Scott's speech in Parliament on the School Funding Debate

Was delighted to speak in today's School Funding debate in Parliament. I spoke on behalf of Cornish Headteacher's to raise the issue with lesser funding in North Cornwall as opposed to London.

Find my speech below:

'Thank you Mr Speaker, it’s a pleasure to follow the honourable member for __________ and I thank you for providing me with the opportunity to speak in this debate.

Investment in education is one of my priorities for North Cornwall and of special interest to me personally as social mobility is a passion of mine. North Cornwall is a prime example of a rural area which unfortunately is overlooked compared to more urban communities from governments of all colours, sometimes to the detriment of the chances of children and young people who come from that beautiful part of the country.

I would like to start by talking about the London Challenge, the policy which saw a huge amount of investment into the most urban areas of the country starting in 2003. Although it’s difficult to isolate the impact of the policy, it’s undeniable that attainment levels went up in the schools involved overall.

The policy saw a budget of £40 million a year for London, Greater Manchester, and the Black Country at its peak. My issue with it is what about the children in Lanivet, Launceston, or Bodmin? They deserved the same resources and therefore the same chances as children in the cities.

I mention the London Challenge because, despite the policy coming to an end, theirs is still a huge disparity between education investment between urban and rural areas. Cornwall Council is part of a group of 42 local authorities which historically receive some of the lowest allocations for primary and secondary pupils per head in the country.

Cornwall is one of the best places to raise a child. It’s safe and uniquely beautiful with access to the countryside, children really are lucky to grow up there. However, when it comes to education, they are being short changed in favour of the cities.

Having been a PPS to the Treasury, I understand the pressure to maintain a sustainable economic policy that ensures stable growth,

limits borrowing, and allows us to live within our means. But if there is one sector in urgent need of more investment but more importantly more parity in investment, it is arguably education.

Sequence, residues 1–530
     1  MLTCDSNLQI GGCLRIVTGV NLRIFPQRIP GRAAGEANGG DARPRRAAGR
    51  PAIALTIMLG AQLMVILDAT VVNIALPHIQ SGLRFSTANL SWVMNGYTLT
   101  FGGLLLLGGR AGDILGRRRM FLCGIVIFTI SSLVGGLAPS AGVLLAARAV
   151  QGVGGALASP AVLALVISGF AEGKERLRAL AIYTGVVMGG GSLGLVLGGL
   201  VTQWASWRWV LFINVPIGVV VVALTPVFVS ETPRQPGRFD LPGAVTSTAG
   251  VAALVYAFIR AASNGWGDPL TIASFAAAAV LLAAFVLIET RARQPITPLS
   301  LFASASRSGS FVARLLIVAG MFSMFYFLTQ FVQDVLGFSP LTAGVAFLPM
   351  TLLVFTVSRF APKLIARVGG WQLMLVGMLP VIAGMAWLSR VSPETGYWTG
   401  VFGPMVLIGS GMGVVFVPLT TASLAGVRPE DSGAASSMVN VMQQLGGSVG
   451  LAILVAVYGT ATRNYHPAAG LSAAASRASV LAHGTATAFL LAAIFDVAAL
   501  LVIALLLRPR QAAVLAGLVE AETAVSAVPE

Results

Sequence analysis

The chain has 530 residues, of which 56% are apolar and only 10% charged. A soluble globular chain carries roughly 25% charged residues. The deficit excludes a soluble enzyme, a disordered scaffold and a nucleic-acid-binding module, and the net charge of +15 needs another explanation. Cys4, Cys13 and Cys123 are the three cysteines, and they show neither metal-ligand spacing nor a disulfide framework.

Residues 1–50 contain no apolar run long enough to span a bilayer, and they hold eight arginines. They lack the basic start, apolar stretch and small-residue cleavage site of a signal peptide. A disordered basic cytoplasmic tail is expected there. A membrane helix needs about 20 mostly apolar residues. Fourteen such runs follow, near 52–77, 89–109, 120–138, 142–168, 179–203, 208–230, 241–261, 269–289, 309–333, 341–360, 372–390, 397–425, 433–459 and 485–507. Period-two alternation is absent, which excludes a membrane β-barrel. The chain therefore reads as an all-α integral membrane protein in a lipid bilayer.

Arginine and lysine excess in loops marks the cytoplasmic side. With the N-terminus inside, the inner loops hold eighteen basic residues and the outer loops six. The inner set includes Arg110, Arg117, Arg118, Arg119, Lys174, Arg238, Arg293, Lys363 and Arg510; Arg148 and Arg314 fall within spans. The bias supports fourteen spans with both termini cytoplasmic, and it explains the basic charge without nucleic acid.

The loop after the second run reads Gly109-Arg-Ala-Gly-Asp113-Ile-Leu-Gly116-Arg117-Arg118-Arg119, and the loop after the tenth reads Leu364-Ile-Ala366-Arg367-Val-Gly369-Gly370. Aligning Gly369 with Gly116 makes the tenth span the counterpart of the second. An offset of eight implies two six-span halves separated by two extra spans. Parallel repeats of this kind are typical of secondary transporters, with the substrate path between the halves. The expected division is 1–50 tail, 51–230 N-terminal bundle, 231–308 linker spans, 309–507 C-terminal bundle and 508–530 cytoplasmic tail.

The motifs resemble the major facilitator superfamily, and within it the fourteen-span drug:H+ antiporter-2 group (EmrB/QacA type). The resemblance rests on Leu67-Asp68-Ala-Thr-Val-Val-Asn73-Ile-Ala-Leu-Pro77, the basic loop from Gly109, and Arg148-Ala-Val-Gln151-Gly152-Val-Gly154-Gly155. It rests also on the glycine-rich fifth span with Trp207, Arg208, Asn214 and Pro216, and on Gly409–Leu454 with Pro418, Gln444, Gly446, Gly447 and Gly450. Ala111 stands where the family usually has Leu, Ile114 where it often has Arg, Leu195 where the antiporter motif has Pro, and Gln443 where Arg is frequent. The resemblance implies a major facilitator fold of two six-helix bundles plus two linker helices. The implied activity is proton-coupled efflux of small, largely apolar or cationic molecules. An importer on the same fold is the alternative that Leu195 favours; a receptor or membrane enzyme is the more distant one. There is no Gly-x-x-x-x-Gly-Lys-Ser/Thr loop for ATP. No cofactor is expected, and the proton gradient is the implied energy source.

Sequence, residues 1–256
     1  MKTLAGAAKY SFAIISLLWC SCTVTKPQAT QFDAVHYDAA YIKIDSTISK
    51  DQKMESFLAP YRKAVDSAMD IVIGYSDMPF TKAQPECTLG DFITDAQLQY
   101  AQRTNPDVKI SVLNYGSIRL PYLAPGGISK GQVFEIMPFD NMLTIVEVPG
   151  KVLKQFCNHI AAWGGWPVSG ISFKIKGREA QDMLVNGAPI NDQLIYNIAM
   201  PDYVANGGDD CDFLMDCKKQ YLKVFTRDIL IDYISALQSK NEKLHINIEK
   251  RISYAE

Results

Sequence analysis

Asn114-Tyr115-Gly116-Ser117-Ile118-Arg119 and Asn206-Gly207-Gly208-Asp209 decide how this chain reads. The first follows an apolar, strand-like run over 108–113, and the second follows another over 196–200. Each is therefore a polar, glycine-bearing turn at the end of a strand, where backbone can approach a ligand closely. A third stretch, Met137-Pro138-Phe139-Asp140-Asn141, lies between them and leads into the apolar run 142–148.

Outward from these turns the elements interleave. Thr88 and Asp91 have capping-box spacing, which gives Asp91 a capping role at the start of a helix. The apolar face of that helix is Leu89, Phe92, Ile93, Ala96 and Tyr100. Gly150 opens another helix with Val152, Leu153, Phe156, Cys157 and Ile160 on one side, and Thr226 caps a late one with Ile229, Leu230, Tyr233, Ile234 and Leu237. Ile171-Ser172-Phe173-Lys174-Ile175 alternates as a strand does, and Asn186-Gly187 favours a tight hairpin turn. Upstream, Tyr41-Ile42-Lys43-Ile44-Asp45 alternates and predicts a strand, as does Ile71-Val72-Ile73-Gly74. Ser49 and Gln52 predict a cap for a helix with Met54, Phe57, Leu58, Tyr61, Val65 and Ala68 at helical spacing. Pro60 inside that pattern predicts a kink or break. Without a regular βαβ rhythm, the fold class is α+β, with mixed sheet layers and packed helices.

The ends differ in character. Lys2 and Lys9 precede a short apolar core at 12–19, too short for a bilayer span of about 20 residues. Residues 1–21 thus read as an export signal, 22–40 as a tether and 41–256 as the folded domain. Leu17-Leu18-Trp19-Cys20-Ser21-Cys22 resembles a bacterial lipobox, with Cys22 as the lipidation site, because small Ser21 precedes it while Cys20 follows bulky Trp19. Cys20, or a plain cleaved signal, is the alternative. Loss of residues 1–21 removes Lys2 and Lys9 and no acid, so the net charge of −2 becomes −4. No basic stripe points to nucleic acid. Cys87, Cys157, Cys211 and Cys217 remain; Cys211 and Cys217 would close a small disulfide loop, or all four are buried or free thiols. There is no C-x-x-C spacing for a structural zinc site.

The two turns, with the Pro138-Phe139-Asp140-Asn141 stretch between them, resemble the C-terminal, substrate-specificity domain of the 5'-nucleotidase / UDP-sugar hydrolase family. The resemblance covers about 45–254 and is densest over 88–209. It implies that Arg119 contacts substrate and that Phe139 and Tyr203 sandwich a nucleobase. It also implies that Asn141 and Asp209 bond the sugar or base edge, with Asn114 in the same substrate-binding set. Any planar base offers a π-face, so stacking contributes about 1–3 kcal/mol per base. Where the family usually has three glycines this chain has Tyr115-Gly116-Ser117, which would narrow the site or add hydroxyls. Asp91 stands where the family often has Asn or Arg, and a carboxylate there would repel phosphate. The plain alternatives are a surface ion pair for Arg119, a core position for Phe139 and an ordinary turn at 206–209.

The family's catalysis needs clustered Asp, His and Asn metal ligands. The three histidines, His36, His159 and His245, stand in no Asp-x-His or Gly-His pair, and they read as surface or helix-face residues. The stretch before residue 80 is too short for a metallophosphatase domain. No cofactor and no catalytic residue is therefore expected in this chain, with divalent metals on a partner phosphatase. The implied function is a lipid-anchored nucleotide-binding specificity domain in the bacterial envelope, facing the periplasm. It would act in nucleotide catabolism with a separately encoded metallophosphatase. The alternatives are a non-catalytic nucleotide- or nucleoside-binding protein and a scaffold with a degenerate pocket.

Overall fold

This means revisiting certain policies. For example, the Minimum Per Pupil Funding Level and the 0.5% funding floor lock in some of the historical difference for those schools which have been comparatively well funded for several decades.

Moreover, there is an issue with historical averages being used and therefore locking disparity in, with the gap between the highest funded states schools and the lowest funded being between 50% and 70%. Cornwall’s schools are particularly penalised. This is unfair.

For me, the question is simply one of fairness. Fairness for tax payers, for teachers, and fairness for children and young people. Parents in North Cornwall pay the same level of tax pro rata as parents in cities, and yet their children will receive only half of the educational investment from the state that some pupils in the urban areas receive.

As I mentioned earlier, one of my passions that pushed me to stand for election is social mobility. More parity and fairness in education investment will increase social mobility for North Cornwall.

More investment leads to higher attainment as it provides teachers with more resources to use when teaching their pupils, we saw that with the extra funding on top of the already larger budgets for schools in the big cities.

Higher attainment means pupils do better in exams and gain the qualifications and skills they need for a good start to their working lives. In an increasingly technology-based jobs market, rural pupils need the fairer funding to obtain the skills needed to fit into this market and get on in life. They need to be given a fair deal to help develop their academic or vocational skills for further education.

North Cornwall’s pupils are no less talented, aspirational, ambitious, or intelligent than pupils from urban areas, but they have not received the fair deal they deserve from governments of all colours. A fairer national funding formula that is not based on historical

disparity between urban and rural areas would unlock a great deal of talent that we currently limit ourselves from.

On behalf of the schools in North Cornwall, I am asking for a fairer deal and a show of confidence in our young people. It is not simply a question of more investment after years of sustainable economic and budgetary growth, but reallocating funds across the country to ensure every pupil, no matter where they live, are treated the same.

In conclusion, Mr Speaker, I strongly believe that schools in rural areas like mine deserve a fairer deal than the one they have been receiving for decades now, and it should be a Conservative government that finally delivers that fairer deal.'

To view this speech please follow the link to my Facebook post:[0]=edited_by_descending